Environment groups lauded the temporary environmental protection order (TEPO) that prohibits owners and operators of coal-fired power plants to bring coal ash outside their premises.

The Manila-based Eco-Waste coalition commended the Philippine Earth Justice Center (PEJC), one of the petitioners for the Tepo on coal ash disposal, through its coordinator lawyer Gloria Estenzo-Ramos.

"We commend and congratulate the PEJC and other concerned groups and residents who acted as petitioners for invoking the precautionary principle to uphold the constitutional rights of affected communities from improperly disposed coal ash, which constitutes a public health hazard," Rei Panaligan, EcoWaste Coalition Coordinator said in a statement.

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"Precaution, a universally-accepted principle, tells us to err on the side of caution if only to ensure the health and safety of our people and the environment from toxic risks," he added.

The TEPO has lapsed but may be extended, depending on an inspection in October.

In a citizen's suit filed last Aug. 12, 2010, PEJC and other petitioners said, "even in the absence of full scientific certainty as to the how much harm coal ash affects the health of petitioners and the ecosystem, this court is still required under the rules to exercise and adopt a precautionary attitude."

Mandaue Regional Trial Court Judge Marilyn Lagura-Yap issued an ex-parte Tepo last Aug. 16. The order became effective for 72 hours from date of receipt of the private respondents.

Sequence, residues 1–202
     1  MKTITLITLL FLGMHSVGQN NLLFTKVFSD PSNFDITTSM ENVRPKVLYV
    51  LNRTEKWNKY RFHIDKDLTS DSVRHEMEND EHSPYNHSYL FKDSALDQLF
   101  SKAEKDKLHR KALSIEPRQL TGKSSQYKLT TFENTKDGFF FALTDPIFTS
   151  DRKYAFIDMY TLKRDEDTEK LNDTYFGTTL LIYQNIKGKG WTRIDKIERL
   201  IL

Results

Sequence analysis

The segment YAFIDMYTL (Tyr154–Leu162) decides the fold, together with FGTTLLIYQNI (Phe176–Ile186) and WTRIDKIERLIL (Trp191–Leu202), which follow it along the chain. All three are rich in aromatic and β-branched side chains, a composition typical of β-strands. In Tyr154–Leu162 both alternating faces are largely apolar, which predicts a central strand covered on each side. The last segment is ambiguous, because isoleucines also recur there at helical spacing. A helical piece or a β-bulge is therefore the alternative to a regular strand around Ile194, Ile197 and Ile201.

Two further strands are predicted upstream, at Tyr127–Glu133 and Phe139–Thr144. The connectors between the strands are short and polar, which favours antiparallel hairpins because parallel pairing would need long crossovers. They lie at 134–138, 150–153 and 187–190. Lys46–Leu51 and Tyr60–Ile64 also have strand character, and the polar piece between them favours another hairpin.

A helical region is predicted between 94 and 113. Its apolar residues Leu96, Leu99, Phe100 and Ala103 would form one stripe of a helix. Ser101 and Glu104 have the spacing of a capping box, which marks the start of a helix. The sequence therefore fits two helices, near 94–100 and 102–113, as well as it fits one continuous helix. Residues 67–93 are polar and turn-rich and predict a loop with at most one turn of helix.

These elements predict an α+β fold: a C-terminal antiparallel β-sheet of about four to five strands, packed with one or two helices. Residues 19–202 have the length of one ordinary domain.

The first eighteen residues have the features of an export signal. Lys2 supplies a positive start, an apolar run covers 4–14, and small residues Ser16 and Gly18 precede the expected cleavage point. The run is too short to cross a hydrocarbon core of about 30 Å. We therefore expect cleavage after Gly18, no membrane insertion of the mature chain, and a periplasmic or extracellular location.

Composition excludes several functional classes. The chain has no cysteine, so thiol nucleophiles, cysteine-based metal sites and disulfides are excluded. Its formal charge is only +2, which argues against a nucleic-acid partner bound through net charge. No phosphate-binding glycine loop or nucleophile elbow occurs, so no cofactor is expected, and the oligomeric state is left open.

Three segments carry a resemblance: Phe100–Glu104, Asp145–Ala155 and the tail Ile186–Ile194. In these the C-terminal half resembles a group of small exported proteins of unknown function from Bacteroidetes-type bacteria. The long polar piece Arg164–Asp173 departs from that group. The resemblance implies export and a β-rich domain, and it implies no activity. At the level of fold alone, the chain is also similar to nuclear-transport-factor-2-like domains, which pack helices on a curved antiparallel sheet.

She noted that the power plants should stop disposing of coal ash indiscriminately as they do not have surface impoundment or a sanitary landfill. She also cited the precautionary principle as stated in the Rules of Procedure for Environmental Cases.

According to the rules, there are factors to be considered in applying the principle: threats to human life or health, inequity to present or future generations, or prejudice to the environment without legal consideration of the environmental rights of those affected.

PEJC coordinator Estenzo-Ramos said the Tepo, which is only the second issued in the country, is a milestone in environmental defense.

"The remedies afforded to citizens under the Rules are empowering and should send a strong signal to law enforcement agencies, including local government units, to shape up and comply with their mandates. We cannot allow polluting industries to continue treating residents of host communities as second-class citizens in their own country and destroying our life support systems," she said.